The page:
Why regulatory compliance is killing innovation in healthcare

Anyone that’s worked in healthcare knows about regulatory compliance. If not, then they should because it takes up about 50% of everyone’s time, energy and effort. I understand the theory behind regulations, i.e. protect the patient, but I think most of the time all additional regulations do is is create work for people that are already over burdened.

Ask a nurse how much time they spend documenting and double documenting things to meet some arbitrary rule or regulation. You’ll be surprised by the answer. Now ask a pharmacist or a physician. You’ll get the same ugly responses. I know a lot of my time as a clinician was spent generating documentation to cover my ass rather than helping care for a patient.

Unfortunately the need to comply with government agencies and silly rules inside the walls of healthcare has generated an unwanted side effect – lack of innovation. Why? Because all that innovative energy is spent on regulatory compliance instead of other, more useful things.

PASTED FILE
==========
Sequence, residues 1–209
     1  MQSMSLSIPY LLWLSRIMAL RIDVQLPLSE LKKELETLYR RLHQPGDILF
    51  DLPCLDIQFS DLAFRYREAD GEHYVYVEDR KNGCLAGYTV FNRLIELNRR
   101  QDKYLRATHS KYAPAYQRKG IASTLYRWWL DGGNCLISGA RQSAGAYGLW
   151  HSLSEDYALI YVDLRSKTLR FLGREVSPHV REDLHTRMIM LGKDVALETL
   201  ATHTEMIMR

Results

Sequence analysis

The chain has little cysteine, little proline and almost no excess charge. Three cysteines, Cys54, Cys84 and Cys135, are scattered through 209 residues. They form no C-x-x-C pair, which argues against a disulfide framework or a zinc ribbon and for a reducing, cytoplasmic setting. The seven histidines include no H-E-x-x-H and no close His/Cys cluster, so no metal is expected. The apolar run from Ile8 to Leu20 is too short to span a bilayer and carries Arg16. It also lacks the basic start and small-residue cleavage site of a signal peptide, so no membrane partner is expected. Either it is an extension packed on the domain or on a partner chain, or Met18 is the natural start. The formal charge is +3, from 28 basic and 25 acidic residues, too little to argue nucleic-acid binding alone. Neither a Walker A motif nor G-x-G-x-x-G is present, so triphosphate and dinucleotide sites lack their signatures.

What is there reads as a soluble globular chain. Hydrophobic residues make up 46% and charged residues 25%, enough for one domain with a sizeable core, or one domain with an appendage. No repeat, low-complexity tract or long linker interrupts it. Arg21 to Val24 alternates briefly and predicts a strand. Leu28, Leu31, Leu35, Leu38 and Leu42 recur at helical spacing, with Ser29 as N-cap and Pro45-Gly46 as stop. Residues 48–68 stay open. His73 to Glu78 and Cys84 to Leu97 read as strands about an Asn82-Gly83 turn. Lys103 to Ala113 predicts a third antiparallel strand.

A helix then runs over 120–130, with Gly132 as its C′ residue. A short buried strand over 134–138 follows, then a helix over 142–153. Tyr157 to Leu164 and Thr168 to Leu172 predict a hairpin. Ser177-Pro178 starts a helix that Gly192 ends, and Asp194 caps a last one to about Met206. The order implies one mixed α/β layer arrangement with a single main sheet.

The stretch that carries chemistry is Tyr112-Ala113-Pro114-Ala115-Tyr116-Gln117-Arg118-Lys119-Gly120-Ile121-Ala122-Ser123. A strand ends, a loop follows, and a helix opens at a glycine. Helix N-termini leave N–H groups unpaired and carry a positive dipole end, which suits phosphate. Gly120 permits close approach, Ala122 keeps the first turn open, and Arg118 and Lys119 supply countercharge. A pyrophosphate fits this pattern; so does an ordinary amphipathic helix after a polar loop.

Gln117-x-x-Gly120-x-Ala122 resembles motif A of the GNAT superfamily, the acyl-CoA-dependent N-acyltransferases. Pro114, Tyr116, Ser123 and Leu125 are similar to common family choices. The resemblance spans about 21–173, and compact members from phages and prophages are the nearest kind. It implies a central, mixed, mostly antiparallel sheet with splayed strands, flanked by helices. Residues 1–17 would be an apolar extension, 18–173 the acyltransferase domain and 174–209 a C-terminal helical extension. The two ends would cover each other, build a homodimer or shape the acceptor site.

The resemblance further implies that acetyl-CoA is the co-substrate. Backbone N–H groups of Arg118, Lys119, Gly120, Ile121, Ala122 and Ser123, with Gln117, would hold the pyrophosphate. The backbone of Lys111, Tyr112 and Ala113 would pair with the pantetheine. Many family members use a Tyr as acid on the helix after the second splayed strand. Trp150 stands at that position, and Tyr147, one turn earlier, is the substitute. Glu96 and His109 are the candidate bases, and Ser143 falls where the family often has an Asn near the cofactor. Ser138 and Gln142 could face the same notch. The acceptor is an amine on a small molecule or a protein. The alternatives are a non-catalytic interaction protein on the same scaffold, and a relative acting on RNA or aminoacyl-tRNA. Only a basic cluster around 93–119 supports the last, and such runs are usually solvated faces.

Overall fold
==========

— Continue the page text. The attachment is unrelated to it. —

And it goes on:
I’ve been involved in several conversations over the last month dealing with how to best use pharmacy automation and technology to increase efficiency and solve problems. Would you like to venture a guess as to what most of those conversations centered on? Yep, how to automate some documentation process or create technology to meet some new regulatory compliance. None of the discussions have been about providing better, safer, more complete patient care.

If you don’t think this is a major problem, think again. I was reading a blog by John Halamka last night in which he discusses the ‘Burden of Compliance’. In the blog John states that “[a]s we draft new regulations that impact healthcare IT organizations, we need to keep in mind that every regulation has a cost in dollars, time, and complexity.” Just remember, there is a finite amount of dollars and time floating around in healthcare these days. If a majority of those dollars and time are gobbled up by regulatory compliance, what does that leave for innovation to actually improve medication distribution, safe administration and better patient care? Precious little if you ask me.

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